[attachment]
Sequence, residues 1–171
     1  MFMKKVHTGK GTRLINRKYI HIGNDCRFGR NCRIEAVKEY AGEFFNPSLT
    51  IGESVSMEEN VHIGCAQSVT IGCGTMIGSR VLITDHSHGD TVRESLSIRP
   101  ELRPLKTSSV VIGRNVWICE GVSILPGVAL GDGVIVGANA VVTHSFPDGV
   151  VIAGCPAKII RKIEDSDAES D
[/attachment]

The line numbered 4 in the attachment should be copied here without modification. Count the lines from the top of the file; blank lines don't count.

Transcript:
   101  ELRPLKTSSV VIGRNVWICE GVSILPGVAL GDGVIVGANA VVTHSFPDGV